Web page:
Opening Remarks and Concert with Danny Goldman
Welcome to ClarinetFest® 2022!
It’s a special and poignant time to meet for this year’s conference. It’s good to be back and to finally have the conference that was originally planned for the summer of 2020 realized. In the kickoff event at 1:00pm, the International Clarinet Association (ICA) leadership team opened with a heartfelt thanks to the event sponsors and everyone who helped make the return to an in-person conference a reality:
Henri Selmer Paris
Rovner Products Inc.
Yamaha Corporation of America
Backun Musical Services
Lisa’s Clarinet Shop
Corbin Clarinet Products
Midwest Musical Imports
University of Nevada Reno
Steinway Piano Gallery Reno
Thank you to the ICA Artistic Leadership team and ClarinetFest’s many volunteers!
Danny Goldman opened the artistic portion of the program with the serene Idylle by Eugène Bozza, gracing the stage with a liquid fluidity and subtle vibrato before transitioning to the lively Sonata by Francis Poulenc. He expertly brought out the different characters demanded in this hallmark piece, as did his pianist and collaborator, Grace Choi.
Third on the program was Perpetuum and Jumping Around by Matthias Mueller (b. 1966), one of two living composers in the lineup. For unaccompanied clarinet, the opening was “bubbly,” like a pot boiling over or a geyser gurgling from the ground; Goldman handled the rapidly flowing notes with grace and precision, as well as the middle section with large registral leaps and extreme dynamic contrasts. The way in which he whispered the altissimo notes was impressive.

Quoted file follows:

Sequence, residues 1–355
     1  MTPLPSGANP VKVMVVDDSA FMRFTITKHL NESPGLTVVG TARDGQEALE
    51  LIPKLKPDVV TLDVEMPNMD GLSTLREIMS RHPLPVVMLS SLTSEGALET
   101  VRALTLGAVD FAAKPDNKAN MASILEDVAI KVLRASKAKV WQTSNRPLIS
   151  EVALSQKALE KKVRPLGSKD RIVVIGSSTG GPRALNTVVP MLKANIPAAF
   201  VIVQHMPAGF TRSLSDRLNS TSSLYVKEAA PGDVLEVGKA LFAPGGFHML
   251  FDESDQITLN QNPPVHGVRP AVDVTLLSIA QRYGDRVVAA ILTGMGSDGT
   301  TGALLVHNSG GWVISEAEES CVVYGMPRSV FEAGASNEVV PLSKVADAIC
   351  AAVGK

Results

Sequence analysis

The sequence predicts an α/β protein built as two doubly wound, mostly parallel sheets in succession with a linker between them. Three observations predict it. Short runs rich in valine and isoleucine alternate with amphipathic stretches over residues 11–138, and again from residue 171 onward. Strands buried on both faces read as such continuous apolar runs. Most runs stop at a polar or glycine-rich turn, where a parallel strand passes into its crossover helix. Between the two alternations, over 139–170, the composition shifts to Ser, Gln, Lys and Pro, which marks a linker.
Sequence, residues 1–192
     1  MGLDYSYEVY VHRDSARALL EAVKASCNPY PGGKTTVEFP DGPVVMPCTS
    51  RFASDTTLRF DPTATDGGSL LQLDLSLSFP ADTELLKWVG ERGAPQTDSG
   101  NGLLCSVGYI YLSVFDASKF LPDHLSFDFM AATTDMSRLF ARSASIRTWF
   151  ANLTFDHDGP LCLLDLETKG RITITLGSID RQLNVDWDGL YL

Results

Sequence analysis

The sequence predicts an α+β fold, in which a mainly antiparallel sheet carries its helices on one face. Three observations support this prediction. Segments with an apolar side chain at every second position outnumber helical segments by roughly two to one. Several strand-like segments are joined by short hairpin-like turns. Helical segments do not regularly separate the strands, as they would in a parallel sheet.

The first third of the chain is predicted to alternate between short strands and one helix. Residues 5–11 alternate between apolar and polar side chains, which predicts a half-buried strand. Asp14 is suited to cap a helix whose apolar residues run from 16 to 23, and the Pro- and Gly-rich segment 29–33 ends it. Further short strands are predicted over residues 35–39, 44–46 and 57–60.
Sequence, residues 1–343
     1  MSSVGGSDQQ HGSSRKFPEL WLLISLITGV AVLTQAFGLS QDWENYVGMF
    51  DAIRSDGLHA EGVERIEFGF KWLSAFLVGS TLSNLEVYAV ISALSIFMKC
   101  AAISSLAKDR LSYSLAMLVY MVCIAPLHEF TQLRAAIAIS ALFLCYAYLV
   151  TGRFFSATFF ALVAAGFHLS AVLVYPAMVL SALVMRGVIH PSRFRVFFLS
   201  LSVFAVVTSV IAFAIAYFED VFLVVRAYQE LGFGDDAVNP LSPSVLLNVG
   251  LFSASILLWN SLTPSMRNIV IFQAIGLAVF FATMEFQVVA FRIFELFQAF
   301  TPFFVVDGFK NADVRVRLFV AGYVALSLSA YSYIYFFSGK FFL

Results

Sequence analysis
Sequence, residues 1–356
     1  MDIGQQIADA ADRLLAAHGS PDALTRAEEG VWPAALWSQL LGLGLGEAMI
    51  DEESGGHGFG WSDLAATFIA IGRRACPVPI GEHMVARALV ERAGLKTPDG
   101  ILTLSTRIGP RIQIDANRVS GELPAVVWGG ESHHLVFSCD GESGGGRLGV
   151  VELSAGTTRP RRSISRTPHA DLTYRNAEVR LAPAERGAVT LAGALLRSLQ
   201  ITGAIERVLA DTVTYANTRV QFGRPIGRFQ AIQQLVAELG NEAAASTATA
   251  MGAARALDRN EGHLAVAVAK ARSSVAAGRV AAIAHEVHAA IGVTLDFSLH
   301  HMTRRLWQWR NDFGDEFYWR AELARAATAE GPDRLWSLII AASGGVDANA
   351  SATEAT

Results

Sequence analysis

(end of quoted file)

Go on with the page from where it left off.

In a change of pace, Claude Debussy’s Petit Piece hearkened back to the same serene qualities felt in the opening Bozza as the reunited duo floated through the lilting melody. Another French great, André Messager’s Solo de Concours displayed Goldman’s delicate yet perky articulation prowess and a dazzling cadenza.
Serban Nichifor’s (b. 1954) Carnyx was another unaccompanied gem that evoked a train or metro rolling through a bustling city. A relentless ostinato-esque groove kept things moving, leaving the listener wondering where they would journey to next. One could imagine the multiphonics being the sound of honking cars fighting their way through traffic. Closing the concert was another French great, Cantilene by Louis Cahuzac for clarinet and piano. It was an uplifting way to kick off another great festival, and the audience’s enthusiasm was palpable.
This performance was sponsored by F. Arthur Uebel Klarinetten